By Jake Donovan
At the end of 12 rounds of action with Roman Martinez, a then-unbeaten Diego Magdaleno felt like he had done enough to claim the super featherweight crown.
Instead, he left Macau, China with the first (and only) loss on his record and the understanding that he needed to make a change in his career.
Two moves have since followed: climbing up the scale to the lightweight division and enlisting the services of top trainer Joel Diaz. Magdaleno is now riding a five-fight win streak as he heads into his October 10 mandatory title challenge versus unbeaten lightweight champ Terry Flanagan.
"I don’t want to say he’s a new and improved fighter, but Diego is certainly a better fighter these days," Top Rank Vice President of Operations Carl Moretti says of the top lightweight contender. "He got a lot stronger moving up to the lightweight division. Moving to trainer Joel Diaz has been the difference. They are a great combination going into a world title fight like this one."
The championship fight takes place in Flanagan's hometown of Manchester, England, where he claimed the crowd with a injury stoppage of Jose Zepeda in June.
Magdaleno knows he won't have the crowd on his side, but is confident heading into hostile territory with present company in tow.
"My secret weapon has been my move to Joel Diaz," Magdaleno (28-1, 12KOs) insists. "Moving up to lightweight has left me feeling strong.
"In my past few fights, Joel has worked on enhancing my knockout power. I have knockouts in three of my last four fights, and all four opponents have been knocked down."
As grateful as he is for the accolades, Diaz is quick to note that a teacher is only as productive as the students are willing to learn.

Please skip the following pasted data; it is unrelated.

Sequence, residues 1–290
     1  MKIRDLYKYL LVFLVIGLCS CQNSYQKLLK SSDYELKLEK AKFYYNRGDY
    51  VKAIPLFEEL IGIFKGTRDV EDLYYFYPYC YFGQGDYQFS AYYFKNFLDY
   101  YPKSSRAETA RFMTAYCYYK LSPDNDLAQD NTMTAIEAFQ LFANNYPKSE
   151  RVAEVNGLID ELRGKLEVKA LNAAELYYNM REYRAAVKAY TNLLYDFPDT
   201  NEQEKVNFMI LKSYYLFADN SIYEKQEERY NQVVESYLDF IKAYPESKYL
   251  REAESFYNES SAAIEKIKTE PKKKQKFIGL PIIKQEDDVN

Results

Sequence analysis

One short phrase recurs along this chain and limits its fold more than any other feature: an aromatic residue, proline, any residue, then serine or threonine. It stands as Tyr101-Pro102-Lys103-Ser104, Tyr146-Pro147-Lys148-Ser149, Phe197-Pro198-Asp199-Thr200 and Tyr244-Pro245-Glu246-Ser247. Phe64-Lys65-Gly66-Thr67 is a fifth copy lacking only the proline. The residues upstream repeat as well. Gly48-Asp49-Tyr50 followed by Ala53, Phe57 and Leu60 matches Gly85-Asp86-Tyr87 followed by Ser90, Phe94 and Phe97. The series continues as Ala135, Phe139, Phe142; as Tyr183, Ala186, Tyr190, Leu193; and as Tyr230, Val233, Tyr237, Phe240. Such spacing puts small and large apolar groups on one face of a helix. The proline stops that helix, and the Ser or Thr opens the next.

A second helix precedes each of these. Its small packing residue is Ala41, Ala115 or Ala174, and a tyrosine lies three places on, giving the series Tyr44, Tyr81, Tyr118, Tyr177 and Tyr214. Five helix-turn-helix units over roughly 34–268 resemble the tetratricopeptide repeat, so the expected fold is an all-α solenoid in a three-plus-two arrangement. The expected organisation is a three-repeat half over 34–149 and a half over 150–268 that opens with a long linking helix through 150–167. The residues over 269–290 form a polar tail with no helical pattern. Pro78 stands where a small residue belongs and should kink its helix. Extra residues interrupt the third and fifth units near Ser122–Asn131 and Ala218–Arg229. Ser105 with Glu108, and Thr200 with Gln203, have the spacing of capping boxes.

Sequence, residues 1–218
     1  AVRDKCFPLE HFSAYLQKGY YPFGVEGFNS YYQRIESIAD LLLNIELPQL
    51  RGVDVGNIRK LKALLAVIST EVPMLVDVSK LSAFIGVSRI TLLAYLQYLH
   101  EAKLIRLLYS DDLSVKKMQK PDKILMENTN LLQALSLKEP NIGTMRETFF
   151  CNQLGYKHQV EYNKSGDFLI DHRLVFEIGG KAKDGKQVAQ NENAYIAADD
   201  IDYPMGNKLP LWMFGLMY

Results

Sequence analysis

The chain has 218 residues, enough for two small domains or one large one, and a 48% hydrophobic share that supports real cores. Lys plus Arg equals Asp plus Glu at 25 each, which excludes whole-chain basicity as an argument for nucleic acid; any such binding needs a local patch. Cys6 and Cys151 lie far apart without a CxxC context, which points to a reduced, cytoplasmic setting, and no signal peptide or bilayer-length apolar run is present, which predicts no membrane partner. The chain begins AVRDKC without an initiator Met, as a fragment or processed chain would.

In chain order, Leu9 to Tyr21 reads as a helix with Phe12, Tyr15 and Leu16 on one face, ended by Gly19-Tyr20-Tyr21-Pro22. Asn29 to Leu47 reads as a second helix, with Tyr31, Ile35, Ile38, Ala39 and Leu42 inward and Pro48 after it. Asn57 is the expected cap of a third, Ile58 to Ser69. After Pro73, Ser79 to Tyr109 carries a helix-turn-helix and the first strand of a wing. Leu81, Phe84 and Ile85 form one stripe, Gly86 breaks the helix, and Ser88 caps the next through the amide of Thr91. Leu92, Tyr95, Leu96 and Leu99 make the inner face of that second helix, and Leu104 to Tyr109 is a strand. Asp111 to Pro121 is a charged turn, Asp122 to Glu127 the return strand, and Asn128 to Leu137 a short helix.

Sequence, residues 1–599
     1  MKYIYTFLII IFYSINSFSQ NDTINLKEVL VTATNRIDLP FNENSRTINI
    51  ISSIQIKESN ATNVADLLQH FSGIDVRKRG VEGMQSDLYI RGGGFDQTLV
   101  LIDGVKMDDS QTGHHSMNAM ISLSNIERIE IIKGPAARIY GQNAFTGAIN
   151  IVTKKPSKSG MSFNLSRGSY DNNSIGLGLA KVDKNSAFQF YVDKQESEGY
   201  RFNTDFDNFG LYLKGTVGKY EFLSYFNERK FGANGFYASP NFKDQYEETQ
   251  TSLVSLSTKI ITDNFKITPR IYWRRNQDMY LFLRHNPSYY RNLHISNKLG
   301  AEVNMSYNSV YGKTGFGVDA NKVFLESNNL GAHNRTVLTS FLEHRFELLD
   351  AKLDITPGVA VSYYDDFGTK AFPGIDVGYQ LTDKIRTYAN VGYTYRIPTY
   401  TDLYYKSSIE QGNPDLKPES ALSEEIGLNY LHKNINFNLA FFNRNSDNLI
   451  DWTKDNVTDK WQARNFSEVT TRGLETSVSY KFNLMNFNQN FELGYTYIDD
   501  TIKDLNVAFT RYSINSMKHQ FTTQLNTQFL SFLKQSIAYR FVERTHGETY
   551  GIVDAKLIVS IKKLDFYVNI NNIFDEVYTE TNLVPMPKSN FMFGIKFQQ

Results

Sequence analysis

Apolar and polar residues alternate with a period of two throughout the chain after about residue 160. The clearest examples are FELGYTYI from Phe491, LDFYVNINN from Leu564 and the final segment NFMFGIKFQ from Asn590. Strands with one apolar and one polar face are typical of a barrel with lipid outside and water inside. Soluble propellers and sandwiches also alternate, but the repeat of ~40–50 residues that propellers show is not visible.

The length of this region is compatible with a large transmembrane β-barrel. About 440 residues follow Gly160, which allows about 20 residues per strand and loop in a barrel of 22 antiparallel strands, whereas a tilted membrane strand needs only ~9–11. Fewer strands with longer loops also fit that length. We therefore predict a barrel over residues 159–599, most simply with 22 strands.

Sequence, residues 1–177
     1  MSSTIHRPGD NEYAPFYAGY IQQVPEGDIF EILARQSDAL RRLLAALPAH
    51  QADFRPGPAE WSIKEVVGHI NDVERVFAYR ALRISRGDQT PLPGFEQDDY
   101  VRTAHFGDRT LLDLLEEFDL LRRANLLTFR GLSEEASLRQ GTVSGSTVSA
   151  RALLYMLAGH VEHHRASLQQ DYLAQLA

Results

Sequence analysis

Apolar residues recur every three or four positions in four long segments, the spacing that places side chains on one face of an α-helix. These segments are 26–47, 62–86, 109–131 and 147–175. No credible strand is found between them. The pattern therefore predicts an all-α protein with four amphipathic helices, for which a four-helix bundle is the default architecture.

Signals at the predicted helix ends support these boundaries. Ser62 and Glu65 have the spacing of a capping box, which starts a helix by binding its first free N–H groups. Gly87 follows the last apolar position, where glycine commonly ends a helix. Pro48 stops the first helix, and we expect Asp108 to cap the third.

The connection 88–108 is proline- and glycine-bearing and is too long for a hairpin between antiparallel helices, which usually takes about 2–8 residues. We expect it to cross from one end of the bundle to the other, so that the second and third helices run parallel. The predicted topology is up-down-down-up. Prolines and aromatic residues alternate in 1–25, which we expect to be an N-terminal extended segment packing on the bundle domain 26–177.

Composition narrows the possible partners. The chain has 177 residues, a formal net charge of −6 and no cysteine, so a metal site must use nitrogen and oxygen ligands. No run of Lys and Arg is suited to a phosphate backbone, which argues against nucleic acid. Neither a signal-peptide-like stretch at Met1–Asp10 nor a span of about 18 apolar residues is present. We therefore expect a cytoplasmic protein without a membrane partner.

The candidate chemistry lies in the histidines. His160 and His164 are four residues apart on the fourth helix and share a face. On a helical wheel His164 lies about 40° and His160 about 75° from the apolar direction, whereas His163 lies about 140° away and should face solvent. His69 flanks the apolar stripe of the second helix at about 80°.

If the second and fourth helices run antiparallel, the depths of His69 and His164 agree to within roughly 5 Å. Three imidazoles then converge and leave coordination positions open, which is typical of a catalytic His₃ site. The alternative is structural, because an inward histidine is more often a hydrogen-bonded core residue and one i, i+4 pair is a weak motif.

"When a trainer gets a hold of a fighter, he wants to see that the fighter is ready to commit all the way," Diaz says. "That's never been an issue with Diego and I saw it from the first day. He's shown the determination.
"I told him when we first started, 'I promise you that I am going to make you a world champion.' Since he got to the gym, he's improved every day. He's ready to win this WBO world title and bring it home to the United States."
The title fight marks just the second time fighting overseas for the Las Vegas-based southpaw. His lone other trek abroad came in the aforementioned loss to Martinez.
That was in the past, though, as the 28-year old anxiously looks forward to showing the boxing world how far he's come as he returns to the title fray.
"I know I have a lot to prove also," Magdaleno acknowledges. "Since my only loss in China, I've learned a lot from that. I didn't have the right people behind me.
"I've moved forward and moved on, and have reinforced myself with Joel Diaz. It's a well-oiled machine; Joel programs me with boxing knowledge, and I take of my business."
Jake Donovan is the managing editor of BoxingScene.com.
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